The OneTax is a tax reform plan and proposed amendment to the United States Constitution that eliminates the federal income tax for all individuals earning less than $215,870.[1][2] The OneTax is described as revenue-neutral, which means that it compensates for lost revenue from the income tax by closing loopholes and eliminating tax expenditures in the current income tax system.[3]

BackgroundEdit

The current United States income tax system imposes higher costs of tax compliance than any other country, with direct costs exceeding $460 billion, and indirect deadweight loss costs of over $1.2 trillion.[4] As this figure was calculated in 2004, it is likely that the actual current deadweight loss caused by the income tax is more than $1.4 trillion. As a national sales would create comparable deadweight loss, tax reform plans like OneTax aim to reduce or eliminate income tax compliance costs without instituting a national sales tax.

HistoryEdit

The OneTax and plans like it were first created in the 1990s by policy wonks outside the Beltway, seeking to put forward a tax simplification plan that wasn't regressive. At the time, the major tax reform proposals were the FairTax and flat tax, both of which are regressive with regards to income.[5] The first recorded mention of this reform by a political candidate for national office was at a "Town Hall" campaign event held in Smithfield, Rhode Island in 2002.[6] In 2011, the Republican Presidential Primary race brought tax reform proposals to the fore. In addition, discussion of the plan as a way to eliminate the income tax for "the 99%" was a topic of the Occupy Movement.[7]

ImplementationEdit

The core piece of the reform is a proposed Constitutional Amendment which repeals the Sixteenth Amendment to the United States Constitution, but carves out taxes on income to remain in place for two specifically defined ways:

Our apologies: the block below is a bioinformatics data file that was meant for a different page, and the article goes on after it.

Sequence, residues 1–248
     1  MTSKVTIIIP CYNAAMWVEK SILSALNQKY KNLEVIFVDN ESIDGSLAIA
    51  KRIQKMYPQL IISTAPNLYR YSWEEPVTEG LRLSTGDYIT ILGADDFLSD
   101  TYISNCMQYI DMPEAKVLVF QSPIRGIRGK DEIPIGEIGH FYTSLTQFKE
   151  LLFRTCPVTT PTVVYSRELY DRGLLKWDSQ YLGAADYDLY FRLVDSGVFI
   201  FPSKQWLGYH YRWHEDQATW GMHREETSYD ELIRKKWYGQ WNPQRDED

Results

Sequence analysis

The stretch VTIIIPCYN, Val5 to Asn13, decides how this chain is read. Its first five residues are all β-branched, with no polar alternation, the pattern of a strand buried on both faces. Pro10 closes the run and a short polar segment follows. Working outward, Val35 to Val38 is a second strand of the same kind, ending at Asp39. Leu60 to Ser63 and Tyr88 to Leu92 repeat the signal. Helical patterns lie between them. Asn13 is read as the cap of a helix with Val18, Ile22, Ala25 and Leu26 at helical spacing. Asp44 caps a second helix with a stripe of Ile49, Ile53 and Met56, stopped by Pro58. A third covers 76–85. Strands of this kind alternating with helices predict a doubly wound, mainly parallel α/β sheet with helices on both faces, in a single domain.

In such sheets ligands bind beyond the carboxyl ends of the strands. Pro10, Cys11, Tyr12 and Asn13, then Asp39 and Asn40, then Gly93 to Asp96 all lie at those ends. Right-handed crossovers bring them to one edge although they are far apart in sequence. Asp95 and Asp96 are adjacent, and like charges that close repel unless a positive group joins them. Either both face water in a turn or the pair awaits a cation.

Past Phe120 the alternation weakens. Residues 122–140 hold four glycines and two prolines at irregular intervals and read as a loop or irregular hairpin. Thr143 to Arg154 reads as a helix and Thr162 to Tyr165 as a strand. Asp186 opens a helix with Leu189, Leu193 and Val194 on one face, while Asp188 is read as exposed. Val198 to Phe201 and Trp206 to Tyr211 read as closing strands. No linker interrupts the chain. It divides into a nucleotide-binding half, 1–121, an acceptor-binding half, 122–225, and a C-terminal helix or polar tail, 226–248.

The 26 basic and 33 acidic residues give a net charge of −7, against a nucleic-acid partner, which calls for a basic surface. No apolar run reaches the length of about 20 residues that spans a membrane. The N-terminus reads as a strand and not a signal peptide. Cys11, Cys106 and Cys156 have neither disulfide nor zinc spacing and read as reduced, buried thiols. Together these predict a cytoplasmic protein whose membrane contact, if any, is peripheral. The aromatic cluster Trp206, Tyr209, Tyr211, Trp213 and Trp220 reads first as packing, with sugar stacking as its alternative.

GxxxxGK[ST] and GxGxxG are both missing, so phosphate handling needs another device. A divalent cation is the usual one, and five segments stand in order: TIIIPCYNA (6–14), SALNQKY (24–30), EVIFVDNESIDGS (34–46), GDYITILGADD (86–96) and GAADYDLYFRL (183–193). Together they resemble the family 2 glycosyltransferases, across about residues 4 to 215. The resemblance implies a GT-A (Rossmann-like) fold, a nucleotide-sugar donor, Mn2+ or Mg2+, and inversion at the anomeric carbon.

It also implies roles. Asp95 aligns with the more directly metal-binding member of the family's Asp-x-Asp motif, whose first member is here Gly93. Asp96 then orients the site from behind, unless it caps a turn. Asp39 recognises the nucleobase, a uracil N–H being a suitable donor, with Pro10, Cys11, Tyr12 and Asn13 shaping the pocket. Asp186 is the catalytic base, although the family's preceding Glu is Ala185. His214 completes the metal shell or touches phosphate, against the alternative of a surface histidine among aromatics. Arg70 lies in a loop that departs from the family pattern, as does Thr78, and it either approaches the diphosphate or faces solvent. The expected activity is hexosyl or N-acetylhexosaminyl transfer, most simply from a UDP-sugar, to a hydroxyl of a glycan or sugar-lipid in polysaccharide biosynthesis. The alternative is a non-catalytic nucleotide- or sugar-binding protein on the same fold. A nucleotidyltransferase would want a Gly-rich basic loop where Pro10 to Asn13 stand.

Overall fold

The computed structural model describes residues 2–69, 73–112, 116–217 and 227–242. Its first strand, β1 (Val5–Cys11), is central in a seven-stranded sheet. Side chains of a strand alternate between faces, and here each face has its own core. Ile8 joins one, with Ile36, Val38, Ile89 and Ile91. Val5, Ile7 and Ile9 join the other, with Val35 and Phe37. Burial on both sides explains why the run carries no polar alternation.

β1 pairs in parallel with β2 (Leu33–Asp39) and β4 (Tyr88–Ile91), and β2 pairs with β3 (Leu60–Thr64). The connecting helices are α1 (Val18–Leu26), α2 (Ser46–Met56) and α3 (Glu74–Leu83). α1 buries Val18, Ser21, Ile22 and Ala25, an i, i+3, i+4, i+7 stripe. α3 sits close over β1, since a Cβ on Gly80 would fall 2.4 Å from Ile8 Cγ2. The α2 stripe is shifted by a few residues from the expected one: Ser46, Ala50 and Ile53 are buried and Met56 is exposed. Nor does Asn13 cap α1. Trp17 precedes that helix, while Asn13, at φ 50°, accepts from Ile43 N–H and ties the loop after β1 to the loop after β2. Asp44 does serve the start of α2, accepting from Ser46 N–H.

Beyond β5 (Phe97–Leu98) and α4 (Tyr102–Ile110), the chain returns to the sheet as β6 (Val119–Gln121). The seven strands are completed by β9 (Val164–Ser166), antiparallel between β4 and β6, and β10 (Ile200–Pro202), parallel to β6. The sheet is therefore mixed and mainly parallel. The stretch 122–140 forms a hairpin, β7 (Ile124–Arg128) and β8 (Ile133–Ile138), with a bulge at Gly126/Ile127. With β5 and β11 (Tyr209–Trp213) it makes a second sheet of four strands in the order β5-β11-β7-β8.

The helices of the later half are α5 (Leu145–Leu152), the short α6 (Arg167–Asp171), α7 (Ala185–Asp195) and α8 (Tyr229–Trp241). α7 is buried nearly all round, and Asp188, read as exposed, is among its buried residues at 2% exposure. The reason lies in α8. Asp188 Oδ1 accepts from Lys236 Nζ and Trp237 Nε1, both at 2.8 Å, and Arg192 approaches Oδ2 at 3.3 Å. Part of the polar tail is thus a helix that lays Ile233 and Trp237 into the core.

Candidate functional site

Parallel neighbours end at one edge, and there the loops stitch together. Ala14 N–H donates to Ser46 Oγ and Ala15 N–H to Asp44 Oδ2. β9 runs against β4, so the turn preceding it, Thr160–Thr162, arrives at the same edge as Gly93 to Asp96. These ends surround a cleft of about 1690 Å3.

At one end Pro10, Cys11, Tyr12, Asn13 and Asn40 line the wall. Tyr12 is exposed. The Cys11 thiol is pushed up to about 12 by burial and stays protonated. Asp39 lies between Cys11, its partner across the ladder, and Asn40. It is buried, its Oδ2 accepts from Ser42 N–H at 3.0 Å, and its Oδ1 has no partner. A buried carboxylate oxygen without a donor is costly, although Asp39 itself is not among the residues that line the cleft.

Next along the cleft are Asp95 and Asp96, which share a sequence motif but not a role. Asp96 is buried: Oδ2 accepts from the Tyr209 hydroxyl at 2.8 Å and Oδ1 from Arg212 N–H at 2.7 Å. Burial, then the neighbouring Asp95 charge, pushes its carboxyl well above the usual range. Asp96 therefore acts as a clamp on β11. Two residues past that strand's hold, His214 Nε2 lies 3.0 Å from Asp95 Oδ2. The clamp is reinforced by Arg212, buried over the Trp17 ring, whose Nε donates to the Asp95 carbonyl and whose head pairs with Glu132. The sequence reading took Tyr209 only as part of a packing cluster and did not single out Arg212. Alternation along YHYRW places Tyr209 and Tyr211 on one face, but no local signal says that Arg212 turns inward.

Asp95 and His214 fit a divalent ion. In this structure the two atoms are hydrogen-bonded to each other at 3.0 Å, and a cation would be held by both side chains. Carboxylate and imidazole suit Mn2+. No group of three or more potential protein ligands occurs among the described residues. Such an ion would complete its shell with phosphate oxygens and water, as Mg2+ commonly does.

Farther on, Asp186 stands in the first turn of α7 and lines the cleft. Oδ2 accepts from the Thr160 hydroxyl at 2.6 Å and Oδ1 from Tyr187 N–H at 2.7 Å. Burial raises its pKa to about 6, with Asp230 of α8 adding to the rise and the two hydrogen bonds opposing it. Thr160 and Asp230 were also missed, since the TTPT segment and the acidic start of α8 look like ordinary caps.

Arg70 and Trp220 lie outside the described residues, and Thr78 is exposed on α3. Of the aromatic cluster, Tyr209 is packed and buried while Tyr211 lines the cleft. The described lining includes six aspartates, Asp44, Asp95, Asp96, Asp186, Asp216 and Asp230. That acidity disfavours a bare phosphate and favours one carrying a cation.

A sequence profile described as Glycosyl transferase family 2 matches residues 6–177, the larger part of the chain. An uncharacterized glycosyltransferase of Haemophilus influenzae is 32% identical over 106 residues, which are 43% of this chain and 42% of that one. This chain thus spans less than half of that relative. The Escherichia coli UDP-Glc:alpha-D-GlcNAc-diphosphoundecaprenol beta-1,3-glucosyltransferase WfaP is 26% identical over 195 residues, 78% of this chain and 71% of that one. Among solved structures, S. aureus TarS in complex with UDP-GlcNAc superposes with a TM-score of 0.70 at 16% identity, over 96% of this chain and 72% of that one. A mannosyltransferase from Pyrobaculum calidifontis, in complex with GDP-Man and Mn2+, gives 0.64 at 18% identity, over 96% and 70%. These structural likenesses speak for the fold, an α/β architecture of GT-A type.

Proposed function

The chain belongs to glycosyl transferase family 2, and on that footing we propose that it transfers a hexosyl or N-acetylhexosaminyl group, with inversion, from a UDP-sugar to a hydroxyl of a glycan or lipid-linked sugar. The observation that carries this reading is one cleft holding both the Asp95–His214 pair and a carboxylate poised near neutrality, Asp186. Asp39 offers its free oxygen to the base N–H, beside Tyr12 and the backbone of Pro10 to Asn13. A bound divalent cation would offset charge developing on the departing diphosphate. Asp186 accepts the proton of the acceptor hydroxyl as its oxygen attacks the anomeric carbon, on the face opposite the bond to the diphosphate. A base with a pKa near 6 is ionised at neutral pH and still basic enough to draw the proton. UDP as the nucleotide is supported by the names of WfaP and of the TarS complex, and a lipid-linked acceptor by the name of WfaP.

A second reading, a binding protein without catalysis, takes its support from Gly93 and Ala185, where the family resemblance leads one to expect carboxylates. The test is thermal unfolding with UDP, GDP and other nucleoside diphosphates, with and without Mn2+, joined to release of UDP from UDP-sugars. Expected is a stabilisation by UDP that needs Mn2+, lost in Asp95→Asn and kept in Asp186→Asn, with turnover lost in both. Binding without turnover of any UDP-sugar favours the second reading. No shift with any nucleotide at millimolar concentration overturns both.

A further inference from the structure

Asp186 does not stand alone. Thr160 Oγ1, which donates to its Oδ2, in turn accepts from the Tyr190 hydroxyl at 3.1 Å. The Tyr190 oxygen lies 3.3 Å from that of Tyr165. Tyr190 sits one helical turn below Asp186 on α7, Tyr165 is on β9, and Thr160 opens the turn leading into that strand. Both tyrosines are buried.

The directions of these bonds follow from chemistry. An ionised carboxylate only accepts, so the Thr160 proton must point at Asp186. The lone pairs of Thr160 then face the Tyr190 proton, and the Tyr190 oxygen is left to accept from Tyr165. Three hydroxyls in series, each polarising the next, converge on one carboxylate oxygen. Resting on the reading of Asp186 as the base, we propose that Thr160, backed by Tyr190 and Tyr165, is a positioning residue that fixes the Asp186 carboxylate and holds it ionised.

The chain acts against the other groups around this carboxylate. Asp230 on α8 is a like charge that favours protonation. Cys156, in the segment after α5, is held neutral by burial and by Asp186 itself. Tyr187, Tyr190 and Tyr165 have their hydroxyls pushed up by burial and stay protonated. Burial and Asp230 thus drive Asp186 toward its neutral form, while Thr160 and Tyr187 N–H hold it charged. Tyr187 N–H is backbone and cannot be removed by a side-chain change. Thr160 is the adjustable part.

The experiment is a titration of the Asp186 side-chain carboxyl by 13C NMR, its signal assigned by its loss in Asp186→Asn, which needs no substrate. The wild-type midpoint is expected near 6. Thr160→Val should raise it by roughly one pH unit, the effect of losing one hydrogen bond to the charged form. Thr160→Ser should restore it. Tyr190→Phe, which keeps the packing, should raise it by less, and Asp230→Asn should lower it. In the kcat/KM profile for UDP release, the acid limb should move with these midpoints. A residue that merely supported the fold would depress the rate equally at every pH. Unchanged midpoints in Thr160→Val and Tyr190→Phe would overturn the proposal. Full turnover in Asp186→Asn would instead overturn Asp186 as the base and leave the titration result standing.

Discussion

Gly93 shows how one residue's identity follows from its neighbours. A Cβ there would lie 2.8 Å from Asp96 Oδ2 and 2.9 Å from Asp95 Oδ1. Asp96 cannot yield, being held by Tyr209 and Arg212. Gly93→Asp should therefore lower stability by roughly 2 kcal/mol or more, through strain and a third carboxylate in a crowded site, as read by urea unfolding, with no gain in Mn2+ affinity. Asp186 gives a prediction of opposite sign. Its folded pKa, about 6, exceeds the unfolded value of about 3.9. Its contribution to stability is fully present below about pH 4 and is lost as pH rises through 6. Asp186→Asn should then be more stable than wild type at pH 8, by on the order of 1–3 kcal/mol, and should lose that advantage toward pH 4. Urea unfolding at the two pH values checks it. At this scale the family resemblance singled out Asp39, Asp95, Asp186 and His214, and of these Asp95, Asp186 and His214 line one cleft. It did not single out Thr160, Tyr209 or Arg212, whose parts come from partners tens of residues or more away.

1. The United States federal government may tax income on those individuals earning more than ten times the per capita income as determined by the most recent census.

2. The United States federal government may continue to collect a payroll tax on all workers, the proceeds of which are earmarked for exclusive transfer to, or provision of health care benefits for, those persons aged 65 or older.[1]

EffectsEdit

The primary effect is the elimination of the present personal income tax system and the elimination of 97.6% of all personal income tax compliance costs,[1] and the elimination of more than 96% of the current deadweight loss.[4] These two items are predicted to create an immediate boost of more than $2.1 trillion to the lagging U.S. economy.

ControversyEdit

It is not in dispute that the OneTax will lead to higher effective tax rates for higher-income individuals (or it will lead to significantly lower federal spending).[citation needed] Many opponents of such tax changes argue that the country's highest income earners are the economy's "job creators".[8] These opponents claim that taxing wealthy individuals at a higher rates will discourage job creation.

Others argue that the current low rate of tax on capital gains encourages investment and is necessary for the long-term stability and growth of the United States and world economy. Meanwhile, still others, such as Warren Buffett claim that higher tax rates on the rich do not discourage investment and growth.[9]

See alsoEdit

ReferencesEdit

  1. ^ a b c Bartlett, Bruce. The Benefit and The Burden: Tax Reform-Why We Need It and What It Will Take. Simon & Schuster.
  2. ^ "Personal Income and Its Disposition 1990-2010" (PDF). United States Bureau of the Census. April 2011. Retrieved 2011-11-03.
  3. ^ InvestorGuide.com. "Definition of Revenue Neutral". Retrieved 2011-11-03.
  4. ^ a b Johnsson, Richard (June 2004). "Taxation and Domestic Free Trade". The Ratio Institute. Cite journal requires |journal= (help)
  5. ^ Gale, William (March 1998). "Don't Buy the Sales Tax". The Brookings Institution. Archived from the original on 2007-11-02. Retrieved 2011-11-03.
  6. ^ "Candidate Seeks Wholesale Tax Reform". Bristol Phenix. July 2002.
  7. ^ "Occupy San Diego: No Platform But Some Ideas". La Jolla Light. October 2011.
  8. ^ Trumbull,Mark (September 16, 2011). "Boehner vs. Obama: Are US job creators really on strike?". The Christian Science Monitor. Retrieved 2011-11-03.
  9. ^ Calmes,Jackie (September 17, 2011). "Obama Tax Plan Would Ask More Of Millionaires". The New York Times. Retrieved 2011-11-03.

External linksEdit